Lesson # 2. Standard (MFI) loans for consumption and/or small production needs, which dominate microfinance (or access to finance) in India today, tend to work well but for loan sizes in the range of Rs10,000-Rs15,000 per client and at most <= Rs 25,000.
Lesson # 3. Rs 25,000 as the loan amount is some sort of Lakshman Rekhaxii , that the MFIs should not breach, unless they are absolutely sure of the individual/household having the requisite debt servicing ability (could be a livelihood, production and/or labour, etc) to repay the larger loan. This is the most important lesson from Andhra Pradesh for MFIs, banks, policymakers and other stakeholders.
Lesson # 4. Indiscriminate (and multiple) lending to low-income people under the pretext of furthering financial inclusion-without regard to their (and their families) loan absorption and debt servicing capacity, and especially in the wake of vulnerable livelihoods, can only prove to be a recipe for disaster, and will ultimately exclude them altogether from the financial system. As has been argued above, when people with weak and vulnerable livelihoods are lent large sums of money (> Rs25,000), then repayment will either have to come from fresh loans (greening resulting in multiple lending) and/or restructuring of loans. At some point, this cycle will (have to) stop and the bubble will simply burst. These clients will then become financially excluded all over again.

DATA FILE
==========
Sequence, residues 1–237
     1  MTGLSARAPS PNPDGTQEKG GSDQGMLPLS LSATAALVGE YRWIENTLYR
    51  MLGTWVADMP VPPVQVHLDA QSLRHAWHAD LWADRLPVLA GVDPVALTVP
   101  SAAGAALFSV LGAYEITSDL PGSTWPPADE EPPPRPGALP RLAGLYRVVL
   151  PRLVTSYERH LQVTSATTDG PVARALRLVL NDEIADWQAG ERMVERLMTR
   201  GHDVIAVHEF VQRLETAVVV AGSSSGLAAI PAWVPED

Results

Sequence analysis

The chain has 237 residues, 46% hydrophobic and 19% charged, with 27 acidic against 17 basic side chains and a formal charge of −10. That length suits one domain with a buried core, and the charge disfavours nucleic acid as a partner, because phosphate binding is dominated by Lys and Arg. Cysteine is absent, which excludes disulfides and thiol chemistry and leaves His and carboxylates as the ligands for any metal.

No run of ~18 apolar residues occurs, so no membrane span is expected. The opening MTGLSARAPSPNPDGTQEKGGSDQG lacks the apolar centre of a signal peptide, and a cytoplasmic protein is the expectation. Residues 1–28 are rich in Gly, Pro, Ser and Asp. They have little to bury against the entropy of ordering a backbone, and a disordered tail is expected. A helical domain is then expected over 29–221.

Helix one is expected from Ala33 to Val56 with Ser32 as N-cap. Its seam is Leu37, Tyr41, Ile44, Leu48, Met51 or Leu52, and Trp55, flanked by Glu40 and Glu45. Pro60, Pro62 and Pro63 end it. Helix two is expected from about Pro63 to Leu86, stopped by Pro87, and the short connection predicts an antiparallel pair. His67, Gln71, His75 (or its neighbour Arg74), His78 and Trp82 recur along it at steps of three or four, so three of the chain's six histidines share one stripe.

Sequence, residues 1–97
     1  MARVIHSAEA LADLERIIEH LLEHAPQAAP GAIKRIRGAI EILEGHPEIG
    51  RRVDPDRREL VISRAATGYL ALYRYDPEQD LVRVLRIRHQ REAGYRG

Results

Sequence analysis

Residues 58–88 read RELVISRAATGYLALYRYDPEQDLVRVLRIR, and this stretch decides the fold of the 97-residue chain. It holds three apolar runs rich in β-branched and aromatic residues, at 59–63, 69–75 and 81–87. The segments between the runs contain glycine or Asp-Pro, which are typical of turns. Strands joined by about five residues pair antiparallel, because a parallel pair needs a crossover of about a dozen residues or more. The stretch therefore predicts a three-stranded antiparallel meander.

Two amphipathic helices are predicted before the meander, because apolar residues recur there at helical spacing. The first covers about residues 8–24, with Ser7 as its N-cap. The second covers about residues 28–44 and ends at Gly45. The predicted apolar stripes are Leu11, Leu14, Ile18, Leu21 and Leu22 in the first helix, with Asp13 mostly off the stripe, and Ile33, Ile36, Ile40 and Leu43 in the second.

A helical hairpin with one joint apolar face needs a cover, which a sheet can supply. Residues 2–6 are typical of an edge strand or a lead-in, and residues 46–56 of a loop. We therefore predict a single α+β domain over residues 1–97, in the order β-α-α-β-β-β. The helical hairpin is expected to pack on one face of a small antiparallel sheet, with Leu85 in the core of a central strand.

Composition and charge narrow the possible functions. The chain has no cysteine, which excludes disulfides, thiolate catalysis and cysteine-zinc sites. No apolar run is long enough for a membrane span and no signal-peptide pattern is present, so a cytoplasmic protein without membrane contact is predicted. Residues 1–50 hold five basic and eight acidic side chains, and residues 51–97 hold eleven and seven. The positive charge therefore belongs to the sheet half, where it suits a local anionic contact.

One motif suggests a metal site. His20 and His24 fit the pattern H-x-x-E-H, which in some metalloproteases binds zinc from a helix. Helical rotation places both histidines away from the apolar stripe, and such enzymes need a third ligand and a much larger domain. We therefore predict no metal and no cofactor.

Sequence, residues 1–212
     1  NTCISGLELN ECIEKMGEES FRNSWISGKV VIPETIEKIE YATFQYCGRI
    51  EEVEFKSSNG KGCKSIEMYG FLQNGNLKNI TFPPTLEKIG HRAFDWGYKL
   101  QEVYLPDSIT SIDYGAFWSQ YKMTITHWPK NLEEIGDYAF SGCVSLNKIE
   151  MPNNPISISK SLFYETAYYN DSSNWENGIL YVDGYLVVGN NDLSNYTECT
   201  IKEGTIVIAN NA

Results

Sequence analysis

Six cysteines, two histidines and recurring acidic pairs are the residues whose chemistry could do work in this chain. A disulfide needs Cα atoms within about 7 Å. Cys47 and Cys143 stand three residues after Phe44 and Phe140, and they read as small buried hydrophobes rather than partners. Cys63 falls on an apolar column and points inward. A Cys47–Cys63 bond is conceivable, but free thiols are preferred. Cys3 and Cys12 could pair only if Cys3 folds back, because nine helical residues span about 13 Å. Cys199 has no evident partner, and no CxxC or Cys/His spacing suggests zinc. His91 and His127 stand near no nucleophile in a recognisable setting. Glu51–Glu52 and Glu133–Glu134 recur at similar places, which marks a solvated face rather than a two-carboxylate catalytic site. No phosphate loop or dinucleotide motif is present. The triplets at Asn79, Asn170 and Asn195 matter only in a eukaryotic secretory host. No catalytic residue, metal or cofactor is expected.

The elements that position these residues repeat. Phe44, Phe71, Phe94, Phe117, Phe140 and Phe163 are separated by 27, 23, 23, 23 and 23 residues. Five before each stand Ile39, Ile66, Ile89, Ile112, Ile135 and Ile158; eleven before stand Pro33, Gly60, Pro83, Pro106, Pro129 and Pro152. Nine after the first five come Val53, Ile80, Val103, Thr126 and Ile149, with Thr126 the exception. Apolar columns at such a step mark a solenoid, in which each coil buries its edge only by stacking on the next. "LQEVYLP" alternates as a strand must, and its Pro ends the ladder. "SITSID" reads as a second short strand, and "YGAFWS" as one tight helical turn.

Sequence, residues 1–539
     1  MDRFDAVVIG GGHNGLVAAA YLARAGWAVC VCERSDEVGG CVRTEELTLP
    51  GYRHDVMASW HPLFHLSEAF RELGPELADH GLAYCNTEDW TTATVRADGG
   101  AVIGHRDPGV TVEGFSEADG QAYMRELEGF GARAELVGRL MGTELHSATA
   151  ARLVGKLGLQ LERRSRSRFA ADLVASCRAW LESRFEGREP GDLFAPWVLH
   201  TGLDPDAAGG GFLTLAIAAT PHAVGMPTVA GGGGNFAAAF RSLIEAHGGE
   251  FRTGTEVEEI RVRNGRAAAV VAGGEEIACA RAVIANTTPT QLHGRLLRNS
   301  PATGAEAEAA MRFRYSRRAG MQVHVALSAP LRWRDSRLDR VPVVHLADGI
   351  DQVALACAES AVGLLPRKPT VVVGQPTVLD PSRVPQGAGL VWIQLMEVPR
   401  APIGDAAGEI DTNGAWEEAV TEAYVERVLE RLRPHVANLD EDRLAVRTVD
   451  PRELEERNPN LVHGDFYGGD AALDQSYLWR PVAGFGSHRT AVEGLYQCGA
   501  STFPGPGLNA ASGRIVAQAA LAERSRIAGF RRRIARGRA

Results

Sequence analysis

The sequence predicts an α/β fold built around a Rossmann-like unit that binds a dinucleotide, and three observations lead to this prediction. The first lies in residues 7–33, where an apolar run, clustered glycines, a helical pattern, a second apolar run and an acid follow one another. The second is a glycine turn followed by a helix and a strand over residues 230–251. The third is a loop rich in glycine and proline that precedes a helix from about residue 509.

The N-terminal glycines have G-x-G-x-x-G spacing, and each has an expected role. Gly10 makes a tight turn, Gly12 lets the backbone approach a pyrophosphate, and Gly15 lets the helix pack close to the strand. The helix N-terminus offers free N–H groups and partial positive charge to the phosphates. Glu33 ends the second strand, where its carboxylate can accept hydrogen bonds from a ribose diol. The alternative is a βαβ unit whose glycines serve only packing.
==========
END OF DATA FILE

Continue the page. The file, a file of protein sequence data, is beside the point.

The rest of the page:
Okay, if that is the scenario, then what can institutions like CGAP do to help the microfinance industry overcome the present situation? First, CGAP can help re-engineer the financial inclusion paradigm, to address some of the issues mentioned above. In my opinion, this re-engineering should ensure the delivery of quality credit that will reduce risk and vulnerability of low-income clients and give them more choices.xiii By quality credit, I am arguing for a greater focus on post-harvest and/or post-production financing for agriculture and other sectors that provide (or can provide) significant livelihoods opportunities for low-income people. In other words, among other things, this would call for financing of agriculture produce/other productsxiv marketing—a very critical aspect for small/marginal producers as it has the potential to enhance choices for them in terms of buyers etc. Of course, here, the existing relationships would need to be better understood if financial products are to be developed and delivered through appropriate channelsxv . Second, CGAP must ensure that the focus of financial inclusion is so re-engineered such that the delivery of a wide range of financial services (loans, savings, insurance, pensions etc) are used strategically to drive higher rewards, better remuneration and greater power down the value chain as shown in Figure 1—otherwise, it will be of limited use.
Hence, CGAP needs to help initiate a new microfinance paradigmxvi where financial products, mechanisms and instruments can be used to:
Thus, I would very much like CGAP to champion the larger cause of re-engineering the financial inclusion paradigm to facilitate poverty alleviation on the ground. They have it in their DNA and, in line with their acronym, CGAP must now become the "Consultative Group to Alleviate Poverty" and assume the lead role in fighting and trying to eradicate poverty globally. I am sure they have the wherewithal and resources to do this and let us hope their governing council, senior management and other governance structures take this appeal seriously.